Wilfrid Laurier University has been an integral part of the Kitchener-Waterloo community for more than a century, and Brantford, Ont., since it opened a campus there in 1999. The main campus in Waterloo is squeezed mostly onto a single city block, so it can feel intimidating from the outside, though intimate from the inside. The $103-million Lazaridis Hall, which houses the school of business and economics and the math department, opened to students in September 2016. Laurier benefits from the city’s tech cluster of nearly 1,000 companies that generate billions in annual revenue and includes offices of Google and BlackBerry. But it’s not all about profits; Laurier students like to give back. Meal Exchange, a Laurier student initiative, has expanded to 42 campuses across Canada. The Community Service-Learning program partners roughly 1,500 students a year with community agencies, and the school was the first in Canada to officially recognize extracurricular activities with a co-curricular record. “Laurier is known for its outstanding student experience, which reflects our efforts to integrate academic excellence with experiential learning and provide many opportunities for personal growth,” says Max Blouw, who wraps up 10 years as president. (Deborah MacLatchy will succeed him.)
• Business Administration: This program uses case-based instruction, simulation games, student projects, co-op and visits from business executives to give students exposure to real-world business issues; double degree options and specializations are available.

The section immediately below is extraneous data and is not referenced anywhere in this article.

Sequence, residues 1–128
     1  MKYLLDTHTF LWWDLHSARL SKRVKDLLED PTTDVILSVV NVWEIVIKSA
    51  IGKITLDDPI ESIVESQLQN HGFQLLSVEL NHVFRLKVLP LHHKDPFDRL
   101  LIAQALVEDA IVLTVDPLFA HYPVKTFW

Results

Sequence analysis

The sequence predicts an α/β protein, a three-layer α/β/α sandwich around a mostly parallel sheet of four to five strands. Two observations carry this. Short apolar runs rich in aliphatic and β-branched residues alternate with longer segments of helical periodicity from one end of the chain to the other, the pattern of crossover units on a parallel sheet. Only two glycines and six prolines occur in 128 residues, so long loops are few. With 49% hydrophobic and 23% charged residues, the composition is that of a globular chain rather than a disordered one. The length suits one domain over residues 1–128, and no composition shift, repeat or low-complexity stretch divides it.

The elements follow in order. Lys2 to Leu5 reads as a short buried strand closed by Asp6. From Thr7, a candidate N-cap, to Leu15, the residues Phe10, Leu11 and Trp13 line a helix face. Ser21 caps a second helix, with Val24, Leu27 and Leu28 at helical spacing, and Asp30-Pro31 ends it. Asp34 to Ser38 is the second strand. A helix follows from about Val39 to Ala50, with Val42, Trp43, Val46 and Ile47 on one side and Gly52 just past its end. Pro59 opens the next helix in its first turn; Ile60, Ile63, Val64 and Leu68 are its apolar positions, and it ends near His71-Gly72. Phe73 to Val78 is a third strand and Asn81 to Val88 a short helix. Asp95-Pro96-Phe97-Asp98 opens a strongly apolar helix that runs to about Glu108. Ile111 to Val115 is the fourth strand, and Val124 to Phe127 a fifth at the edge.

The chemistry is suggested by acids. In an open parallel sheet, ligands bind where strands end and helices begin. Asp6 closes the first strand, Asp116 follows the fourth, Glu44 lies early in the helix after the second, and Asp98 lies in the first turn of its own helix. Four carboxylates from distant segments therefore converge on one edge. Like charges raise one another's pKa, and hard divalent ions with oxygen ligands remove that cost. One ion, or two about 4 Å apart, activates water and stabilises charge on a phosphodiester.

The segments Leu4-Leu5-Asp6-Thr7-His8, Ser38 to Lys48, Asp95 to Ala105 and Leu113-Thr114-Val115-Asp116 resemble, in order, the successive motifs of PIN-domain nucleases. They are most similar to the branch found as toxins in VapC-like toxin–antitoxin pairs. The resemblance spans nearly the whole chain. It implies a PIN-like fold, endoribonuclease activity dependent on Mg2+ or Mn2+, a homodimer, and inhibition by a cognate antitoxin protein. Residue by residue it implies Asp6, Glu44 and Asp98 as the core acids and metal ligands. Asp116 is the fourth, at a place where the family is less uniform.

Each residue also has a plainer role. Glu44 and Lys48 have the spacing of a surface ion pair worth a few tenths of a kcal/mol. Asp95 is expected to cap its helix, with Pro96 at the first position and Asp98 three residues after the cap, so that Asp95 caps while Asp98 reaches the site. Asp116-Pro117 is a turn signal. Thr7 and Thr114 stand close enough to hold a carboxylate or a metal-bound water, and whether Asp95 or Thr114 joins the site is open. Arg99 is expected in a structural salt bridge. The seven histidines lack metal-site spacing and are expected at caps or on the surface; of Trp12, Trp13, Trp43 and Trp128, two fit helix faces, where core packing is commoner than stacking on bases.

• Game Design and Development: Offered at the Brantford campus, the program develops skills not only in game design, project management and entrepreneurship, but also considers how transformative games are used in areas such as education, corporate training, health care and more.
• Law and Arts: This dual pathway allows students to earn a bachelor of arts from Laurier and a law degree from the University of Sussex in the U.K. in only six years.
• Game of Thrones and Medieval Culture: Students in this medieval studies course analyze the Game of Thrones phenomenon and how it relates to medieval culture, storytelling and reasons for its broad appeal.
• Billionaires, Beavers and Banditos: This North American studies course looks at politics, culture, society—and stereotypes—as well as the ties between Canada, the United States and Mexico.
|Minimum entering grades||Tuition||Average class size||Number of students||Residence spaces||Graduation and retention rates|
|Arts: 70% to 84%
Science: 74% to 90%
Commerce: 88.5% to 90%
|$7,410||1st & 2nd year: 93.9
3rd & 4th year: 38.1
|3,559 (3,418 reserved for first years)||Graduation: 76.7%